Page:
The Jew Question

They believed that Jews ‘’contaminated’’ modern art, made it an act of aesthetic violence against the German spirit. What they meant by the German spirit was mystical, moral, rural, noble, and bearing ancient wisdom. But when we look at the list of modern artists, we see that not many of them were actually Jews. 

Only a few of them, including Liebermann, Freundlich, Meidner, and Marc Chagall were Jewish. 

The Nazis marked modern art as degenerate because of its depraved subject matter. For them, that was a sign of an inferior race.

Aside from their Anti-Semitism propaganda, homophobic sentiment also affected their choice of art. The Nazis saw many paintings of this period as the ones promoting homosexuality. As such, they were also consequently considered degenerate. 

Cleansing the culture of degeneracy

In September 1933, the Nazis established the Reichskulturkammer (Reich Culture Chamber). Joseph Goebbels, Hitler’s Reichminister für Volksaufklärung und Propaganda (Reich Minister for Public Enlightenment and Propaganda) was in charge. They also established sub-chambers within Reichskulturkammer. 

These were the groups for racially pure members- artists who supported Hitler. Only they were able to be productive in German cultural life.

The key men in the Ministry of Propaganda included Professor Adolf Ziegler, Schweitzer-Mjolnir, and Wolf Willrich. They were artists whose works fitted the Nazi’s ideal. 

Ziegler,Schweitzer-Mjolnir, and Willrich ordered removing of all the paintings and sculptures regarded as degenerate.  

The galleries all over the Reich had to remove the works of some of the greatest artists of today. These included: Cézannes, Matisse, Picassos, Gauguins, Van Goghs, Pissarro’s, Braques, Hofer, Pechstein, Otto Muller, Barlach, Feininger, and many others. The Nazis burned and destroyed many of these works cause their possible effect on society. Other works were saved for an exhibition.

The Two Exhibitions

On July 19, 1937, Munich opened the Entartete Kunst (“Degenerate Art”) exhibition with over 650 of these works of art. Some of them were unframed and hung by a cord, others were crowded in rooms with painted slogans over them. I’ll name just a few: Nature as seen by sick minds, The ideal—cretin and whore, Deliberate sabotage of national defense

Kandinsky: Composition VII, 1913

Some works were grouped thematically. First, one room contained only Jewish artists’ works. Another exhibited works considered insulting to the German soldiers, women, and farmers. The third room held works considered demeaning of religion.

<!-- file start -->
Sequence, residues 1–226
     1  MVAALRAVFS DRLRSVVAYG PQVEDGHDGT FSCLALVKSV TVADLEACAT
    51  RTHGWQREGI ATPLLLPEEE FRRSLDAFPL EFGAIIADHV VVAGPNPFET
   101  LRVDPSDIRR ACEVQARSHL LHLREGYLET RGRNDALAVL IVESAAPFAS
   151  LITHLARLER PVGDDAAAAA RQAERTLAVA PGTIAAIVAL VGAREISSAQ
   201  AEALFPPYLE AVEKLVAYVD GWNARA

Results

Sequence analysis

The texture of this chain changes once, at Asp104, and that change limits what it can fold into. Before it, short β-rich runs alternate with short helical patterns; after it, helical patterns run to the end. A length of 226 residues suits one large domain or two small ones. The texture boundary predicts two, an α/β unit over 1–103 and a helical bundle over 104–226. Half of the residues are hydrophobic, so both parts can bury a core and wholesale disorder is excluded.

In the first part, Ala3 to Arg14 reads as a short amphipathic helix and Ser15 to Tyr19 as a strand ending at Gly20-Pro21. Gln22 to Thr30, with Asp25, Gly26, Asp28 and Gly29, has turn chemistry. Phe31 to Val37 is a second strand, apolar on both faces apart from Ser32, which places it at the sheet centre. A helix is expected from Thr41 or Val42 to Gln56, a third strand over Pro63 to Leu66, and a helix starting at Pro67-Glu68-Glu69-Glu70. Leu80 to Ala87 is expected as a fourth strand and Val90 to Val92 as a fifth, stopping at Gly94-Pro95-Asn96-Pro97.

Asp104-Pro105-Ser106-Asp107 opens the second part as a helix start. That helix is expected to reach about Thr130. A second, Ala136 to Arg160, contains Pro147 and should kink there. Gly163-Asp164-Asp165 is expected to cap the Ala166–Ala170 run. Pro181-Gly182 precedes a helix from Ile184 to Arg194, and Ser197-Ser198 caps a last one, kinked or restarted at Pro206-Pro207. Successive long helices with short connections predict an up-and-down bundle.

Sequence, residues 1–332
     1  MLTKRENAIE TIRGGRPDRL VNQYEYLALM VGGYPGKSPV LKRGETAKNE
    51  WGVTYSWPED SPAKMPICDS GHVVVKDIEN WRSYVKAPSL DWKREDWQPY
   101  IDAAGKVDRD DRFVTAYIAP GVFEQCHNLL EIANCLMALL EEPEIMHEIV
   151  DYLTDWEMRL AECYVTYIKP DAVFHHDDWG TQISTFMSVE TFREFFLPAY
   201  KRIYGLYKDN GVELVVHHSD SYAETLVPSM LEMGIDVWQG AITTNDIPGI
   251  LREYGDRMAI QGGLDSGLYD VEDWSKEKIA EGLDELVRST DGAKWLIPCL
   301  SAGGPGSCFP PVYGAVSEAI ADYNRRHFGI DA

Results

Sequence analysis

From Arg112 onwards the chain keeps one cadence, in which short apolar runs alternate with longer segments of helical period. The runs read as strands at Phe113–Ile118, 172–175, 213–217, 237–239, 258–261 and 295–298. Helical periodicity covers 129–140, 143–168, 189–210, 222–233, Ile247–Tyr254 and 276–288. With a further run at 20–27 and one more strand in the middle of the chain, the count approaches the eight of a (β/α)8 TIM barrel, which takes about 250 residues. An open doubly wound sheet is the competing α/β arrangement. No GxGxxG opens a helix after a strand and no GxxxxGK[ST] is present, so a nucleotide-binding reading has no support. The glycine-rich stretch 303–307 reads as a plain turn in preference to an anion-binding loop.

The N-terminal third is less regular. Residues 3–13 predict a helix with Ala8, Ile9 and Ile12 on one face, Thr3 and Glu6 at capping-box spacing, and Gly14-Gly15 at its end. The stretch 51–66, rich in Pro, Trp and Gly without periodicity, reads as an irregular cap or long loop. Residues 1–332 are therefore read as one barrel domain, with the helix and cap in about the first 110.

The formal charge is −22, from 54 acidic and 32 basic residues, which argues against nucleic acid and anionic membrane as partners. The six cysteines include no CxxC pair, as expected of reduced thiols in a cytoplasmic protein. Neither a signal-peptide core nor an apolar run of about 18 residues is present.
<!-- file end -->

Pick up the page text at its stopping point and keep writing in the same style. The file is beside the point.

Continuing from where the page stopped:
Around the same time as the Entartete Kunst, the Nazis opened another exhibition. At the palatial Haus der Deutschen Kunst (House of German Art), the Grosse Deutsche Kunstausstellung (Great German art exhibition) premiered. It displayed the works of Arno Breker and Adolf Wissel and other artists who met the regime’s art requirements.

What was most interesting for me is the number of people who visited these exhibitions. The Entartete Kunst had more than 2 million visitors. This was almost three times more than the Grosse Deutsche Kunstausstellung cause it’s originality.

The political goals and the aftermath

Exhibiting these works had some political goals. Entartete Kunst exhibition was to mock and show how much money museums had spent on acquiring these artworks. It was too much money in a period when even bread was too expensive for many families.

On the other hand, the goal of the Grosse Deutsche Kunstausstellung exhibit was to promote the German spirit. It only exhibited the racially pure type of art, the art that stands for all German values.

Degenerate Art exhibitions also took place in other cities as well, Berlin, Leipzig, Düsseldorf, Weimar, Halle, Vienna, and Salzburg.

After exhibitions, the Nazis sold some of these artworks. There weren’t many interested buyers. Despite the drastic drop in prices. The artworks were marked as rubbish. The money earned covered war expenses and after the war for the purchase of art. 

The key art dealing figures of this period were Gurlitt, Buchholz, Moeller, and finally Boehmer. During my research, I could not find the exact number of artworks that they kept for themselves. It is believed that they sold them in the USA and other countries for personal gain.

If you visit Munich, willing to learn more about Degenerate art and the expressionist works of art, contact me. I’ll be more than happy to accompany and guide you on that journey.

Here some references about Degenerated Art: